89 In a previous study N. fulva demonstrated a change in food prefer ences (Meyers 2008). In a four week field study, N. fulva switched from preferring 20% sucrose solution to preferring protein and lipids in the form of hot dog s The study had to be stopped because the height of the grass made it impossible for the research to continue (Meyers 2008). The ants may have switched their food pre ference because of the availability of food in the environment as seen as Citra 1 Also, the short duration of the study does not provide information of a seasonal food preference In this study, N. fulva did not have a season food preference they prefer red protein at all times The odorous house ant, Tapinoma sessile Say also does not have seasonal f ood preference (Barbani 2003). Tapinoma sessile prefers carbohydrates year round but still feeds on proteins and lipids (Barbani 2003). Little is known ab out the bait preference of N. fulva. The fact that N. fulva does not show a seasonal food preference and that protein was the preferred food choice here and by Scott (2012) suggests that a program incorporating protein baits would be effective year round
90 Figure 5 1. The percentage of N. fulva feeding on each of the food sources for the whole study (a), spring (b), summer (c), and fall (d).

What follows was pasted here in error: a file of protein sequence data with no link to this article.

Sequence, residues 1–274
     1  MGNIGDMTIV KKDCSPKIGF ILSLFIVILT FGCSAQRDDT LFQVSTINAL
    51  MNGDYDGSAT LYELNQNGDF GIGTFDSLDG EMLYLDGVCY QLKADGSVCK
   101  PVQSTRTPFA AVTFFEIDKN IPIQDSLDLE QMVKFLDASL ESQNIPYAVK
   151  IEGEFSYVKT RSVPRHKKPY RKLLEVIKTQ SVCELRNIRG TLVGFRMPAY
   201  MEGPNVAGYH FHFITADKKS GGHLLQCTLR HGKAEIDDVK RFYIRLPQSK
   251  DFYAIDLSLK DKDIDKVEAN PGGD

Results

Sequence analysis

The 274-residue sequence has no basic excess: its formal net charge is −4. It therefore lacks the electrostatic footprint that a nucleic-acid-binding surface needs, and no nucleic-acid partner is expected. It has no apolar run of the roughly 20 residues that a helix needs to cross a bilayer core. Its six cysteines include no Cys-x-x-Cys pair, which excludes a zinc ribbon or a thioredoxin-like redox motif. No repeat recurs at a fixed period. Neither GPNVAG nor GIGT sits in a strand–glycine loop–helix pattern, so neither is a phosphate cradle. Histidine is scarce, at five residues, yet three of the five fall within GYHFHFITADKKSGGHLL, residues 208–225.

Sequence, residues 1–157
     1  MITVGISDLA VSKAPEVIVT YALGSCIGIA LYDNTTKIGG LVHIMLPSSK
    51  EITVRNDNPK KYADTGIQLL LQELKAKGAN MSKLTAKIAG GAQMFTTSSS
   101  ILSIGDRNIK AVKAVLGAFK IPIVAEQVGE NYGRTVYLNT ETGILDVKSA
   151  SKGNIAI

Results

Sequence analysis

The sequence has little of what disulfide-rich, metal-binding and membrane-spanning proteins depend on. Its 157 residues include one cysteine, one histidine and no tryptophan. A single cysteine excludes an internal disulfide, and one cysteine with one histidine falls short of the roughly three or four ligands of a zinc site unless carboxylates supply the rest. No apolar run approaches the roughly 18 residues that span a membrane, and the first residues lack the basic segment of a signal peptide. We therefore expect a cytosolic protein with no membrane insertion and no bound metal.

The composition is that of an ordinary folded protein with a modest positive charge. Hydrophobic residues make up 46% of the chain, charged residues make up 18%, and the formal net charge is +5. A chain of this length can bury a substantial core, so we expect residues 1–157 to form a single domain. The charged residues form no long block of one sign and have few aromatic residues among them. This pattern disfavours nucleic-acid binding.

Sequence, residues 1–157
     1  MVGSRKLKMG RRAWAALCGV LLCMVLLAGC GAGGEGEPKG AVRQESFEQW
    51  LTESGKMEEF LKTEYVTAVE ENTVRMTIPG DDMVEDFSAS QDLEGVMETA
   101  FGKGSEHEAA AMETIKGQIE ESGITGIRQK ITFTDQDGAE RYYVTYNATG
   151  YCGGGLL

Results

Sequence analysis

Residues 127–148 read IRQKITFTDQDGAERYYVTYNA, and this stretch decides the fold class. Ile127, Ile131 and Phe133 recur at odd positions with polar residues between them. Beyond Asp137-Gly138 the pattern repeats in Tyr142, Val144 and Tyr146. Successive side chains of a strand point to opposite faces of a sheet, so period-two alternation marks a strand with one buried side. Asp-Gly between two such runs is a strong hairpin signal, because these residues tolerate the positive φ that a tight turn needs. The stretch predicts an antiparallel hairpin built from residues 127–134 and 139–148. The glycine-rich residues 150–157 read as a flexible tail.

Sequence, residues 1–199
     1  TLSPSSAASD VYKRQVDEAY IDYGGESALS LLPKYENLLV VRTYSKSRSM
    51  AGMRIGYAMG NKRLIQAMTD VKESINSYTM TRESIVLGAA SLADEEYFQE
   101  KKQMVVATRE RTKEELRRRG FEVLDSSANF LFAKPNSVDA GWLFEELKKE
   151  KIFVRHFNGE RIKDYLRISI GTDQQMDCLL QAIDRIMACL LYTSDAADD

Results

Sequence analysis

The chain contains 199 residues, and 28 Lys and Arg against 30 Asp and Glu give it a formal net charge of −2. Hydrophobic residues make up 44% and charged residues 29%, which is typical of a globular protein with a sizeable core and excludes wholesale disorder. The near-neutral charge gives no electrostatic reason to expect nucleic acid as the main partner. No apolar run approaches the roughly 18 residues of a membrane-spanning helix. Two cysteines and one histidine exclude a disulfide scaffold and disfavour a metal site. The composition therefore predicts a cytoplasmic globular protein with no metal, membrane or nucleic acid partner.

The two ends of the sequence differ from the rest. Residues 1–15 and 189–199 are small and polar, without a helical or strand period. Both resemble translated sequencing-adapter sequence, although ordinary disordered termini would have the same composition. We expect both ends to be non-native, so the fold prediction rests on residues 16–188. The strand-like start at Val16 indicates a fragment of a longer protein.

91 Figure 5 2 Mean number of N. fulva collected in baited tubes containing a protein (tuna fish), lipid (soybean oil), and a carbohydrate (honey) in six sampling sites in north c entral Florida from April to November 2011. Month Mont h
92 CHAPTER 6 CONCLUSIONS The tawny crazy ant, Nylanderia fulva (Mayr ) formerly misidentified as the Caribbean craz y ant, Nylanderia pubens is one of the more troublesome ants in Florida and throughout its introduced region in the southern United States The tawny crazy ant is a difficult ant to control, and th e discrepancy in proper identification over the last few years has c ontributed to failed control techniques along with t he super colony nature of the ant, and nesting strategies of the tawny crazy ant The tawny crazy ant does not sting and only rarely bite s when their nest s are disturbed. Distribution and N aming : The tawny crazy ant is originally from Brazil (Zenner Polania 1990a). It was introduced into Colombia as a biological control agent against pest s of the sugar cane but later became a serious pest itself. Currently the tawny crazy ant can be found in several countries in South American and the Caribbean islands and is known as a pest in many locations. It is not known when or exactly how the tawny crazy ant was introduced into the United States. The first reported identification of a similar ant was in the 1950s in Miami (Trager 1984). The ant was identified as Paratrechina pubens (Forel) which is now classified as Nylanderia pubens the Caribbean crazy ant. At that time, the ant was not considered an important pest. The next report of P. puben s was around a M iami hospital in the early 1990 s but the ant was still not considered an important pest. Beginning in 2000, a n ant with identical physical characteristics was observed in Fort Lauderdale, Port St. Lucie, Jacksonville, and Sarasota (Warner and Scheffrehn 2010) and quickly became a pest of concern Given the proximity of the infestations to port cities, it is thought that the ants ente red Florida through human trade, and that this